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Is Misleading Your Spouse Fraud or Tact? : Marriage: Award for damages in case where the wife said she was not sexually attracted to her mate shows incongruities in love, American style, experts say.


If marriage were a contract, most lawyers probably would advise potential newlyweds not to sign it.

After all, matrimony is considered one of life's greatest commitments, but it contains absolutely no provisions or guarantees about what husbands and wives are entitled to. Six children? A big paycheck? A golf partner? Great sex? One newlywed might be perfectly happy with someone who can afford to buy half a house in the suburbs, while another demands unbridled passion.

All these ambiguities about the embattled American institution of marriage erupted last week in the unsettling case of Ronald Askew vs. Bonnette Askew.

When their 11-year marriage ended in divorce, Anaheim banker Ronald Askew sued his ex-wife for fraud because she admittedly concealed the fact that she had never felt sexually attracted to him. On Wednesday, an Orange County jury agreed, and ordered Bonnette Askew to pay her ex-husband $242,000 in damages.

Such sexual tug of wars between couples are not uncommon, therapists and psychologists say. But the Askews' most intimate troubles were not confined to a private bedroom, they were divulged in a public courtroom, where they were analyzed by a jury rather than a marriage counselor.

Psychologists and anthropologists say the fraud case reflects the incongruities of love, American style. Clashes inevitably arise, especially in a culture that puts so much emphasis on romantic love, because everyone's idea of an idyllic marriage varies.

Experts say brides and bridegrooms often utter "I do" while deceiving their mate, or themselves--sometimes unwittingly--about what they expect after the honeymoon. But, they ask, is this fraudulent behavior or just human behavior?

"I'm astonished by this verdict and I've looked at divorce in 62 societies," said Helen Fisher, an American Museum of Natural History anthropologist who authored the recent book "Anatomy of Love: The Natural History of Monogamy, Adultery and Divorce."

"Since when do people demand passionate love?" she asked. "It's not a commodity that you can buy, or will, out of someone else. You either have it or you don't. . . . In America, we are demanding everything from our marriage. This court confirms that is the American way."

Bonnette Askew, 45, acknowledged in court that she had never been sexually attracted to her husband. But she said she always loved him and noted that their marriage was not sexless and that they had two children together.

She first admitted her lack of sexual desire for him during a joint therapy session in 1991. "I guess he confused sex with love," Bonnette Askew said, adding that she concealed her lack of desire because she "didn't want to hurt his male ego."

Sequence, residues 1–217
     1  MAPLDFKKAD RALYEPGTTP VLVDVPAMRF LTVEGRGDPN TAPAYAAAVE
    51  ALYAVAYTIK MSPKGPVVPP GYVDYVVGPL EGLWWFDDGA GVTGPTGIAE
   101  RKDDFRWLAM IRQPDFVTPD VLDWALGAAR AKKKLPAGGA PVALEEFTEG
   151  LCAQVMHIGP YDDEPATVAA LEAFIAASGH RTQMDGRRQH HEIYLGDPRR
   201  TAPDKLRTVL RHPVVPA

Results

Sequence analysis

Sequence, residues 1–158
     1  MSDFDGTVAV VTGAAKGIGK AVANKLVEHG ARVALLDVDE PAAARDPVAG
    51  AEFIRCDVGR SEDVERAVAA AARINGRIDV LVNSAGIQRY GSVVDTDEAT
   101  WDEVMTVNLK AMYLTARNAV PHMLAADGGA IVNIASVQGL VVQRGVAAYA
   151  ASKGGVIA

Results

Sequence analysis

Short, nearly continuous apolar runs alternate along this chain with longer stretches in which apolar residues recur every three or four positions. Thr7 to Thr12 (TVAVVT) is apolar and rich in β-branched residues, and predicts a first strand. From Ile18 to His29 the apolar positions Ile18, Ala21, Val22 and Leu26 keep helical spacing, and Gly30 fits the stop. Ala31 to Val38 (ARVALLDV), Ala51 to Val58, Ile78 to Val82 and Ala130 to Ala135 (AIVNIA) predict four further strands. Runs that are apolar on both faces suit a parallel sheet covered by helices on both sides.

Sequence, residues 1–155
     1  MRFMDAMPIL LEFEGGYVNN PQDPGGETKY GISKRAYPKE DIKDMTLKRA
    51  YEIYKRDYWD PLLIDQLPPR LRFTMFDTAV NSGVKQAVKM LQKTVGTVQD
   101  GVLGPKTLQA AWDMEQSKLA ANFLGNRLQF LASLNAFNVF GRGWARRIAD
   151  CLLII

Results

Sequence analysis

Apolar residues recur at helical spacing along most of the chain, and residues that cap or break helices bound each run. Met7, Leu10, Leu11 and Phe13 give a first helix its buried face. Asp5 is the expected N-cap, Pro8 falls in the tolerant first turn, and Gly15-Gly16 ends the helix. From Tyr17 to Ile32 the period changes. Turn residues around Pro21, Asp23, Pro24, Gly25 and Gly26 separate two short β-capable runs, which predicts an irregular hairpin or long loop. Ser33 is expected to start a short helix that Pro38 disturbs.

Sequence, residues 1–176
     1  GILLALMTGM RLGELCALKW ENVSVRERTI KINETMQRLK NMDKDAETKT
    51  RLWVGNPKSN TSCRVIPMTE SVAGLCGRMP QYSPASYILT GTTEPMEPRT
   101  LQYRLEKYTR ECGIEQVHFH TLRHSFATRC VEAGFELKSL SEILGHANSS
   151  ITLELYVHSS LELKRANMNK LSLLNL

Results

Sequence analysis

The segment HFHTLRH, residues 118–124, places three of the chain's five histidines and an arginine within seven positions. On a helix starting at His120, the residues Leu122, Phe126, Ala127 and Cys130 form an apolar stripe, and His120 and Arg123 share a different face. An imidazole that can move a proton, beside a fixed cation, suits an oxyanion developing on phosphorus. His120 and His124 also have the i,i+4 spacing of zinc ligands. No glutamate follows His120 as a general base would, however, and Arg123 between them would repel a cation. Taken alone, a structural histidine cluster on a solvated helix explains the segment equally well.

But Ronald Askew, 50, said his lawsuit had more to do with honesty and integrity than sex. He felt deceived, especially because he said he repeatedly asked her before their marriage to be honest with him and reveal any important secrets.

If Ronald Askew believes total honesty is the foundation of good marriages, Fisher has a message for him: "Grow up."

"Since when is anyone truly honest with anyone?" Fisher said. "Did this man really want her to say: 'You're short, fat and you're terrible in bed?' Much of the world is amazed at what they see as brutal honesty in America. She was operating on an entirely different set of social values, which much of the world operates on--delicacy as opposed to brutal honesty."

Although the jury saw it as betrayal, "it is more likely she married him for other reasons, that she saw there were much more valuable things in the marriage," Fisher said. "She undoubtedly married him because she loved him enough, and felt he was the right man for her."

Failing to admit a lack of sexual desire does not necessary mean a person is being intentionally deceptive, said Lonnie Barbach, a psychologist and sex therapist in Mill Valley, near San Francisco.

"People enter into marriages under false pretenses," Barbach said. "They may not be absolutely clear at the time why they do it. She may not feel that she was deceiving him. We fool ourselves in so many ways to get something we need."

However, New York psychologist and author John Ross said men and women should be able to expect mutual sexual attraction, and entering into marriage without telling your partner otherwise is deceptive.

"Often people get married for neurotic reasons and not out of passionate love. I don't know if it's a crime or not. That's up to the lawyers. But it's dishonest to be deceptive about your feelings," Ross said.

Even the experts disagree about how important sex is to sustaining a marriage.

"The best relationships are ones that are founded on a good romantic, healthy physical relationship," Ross said. "That's a part of a loving relationship between two people."

Not necessarily, others say.

"There are lots of marriages that work well even though there is no sex," Barbach said.

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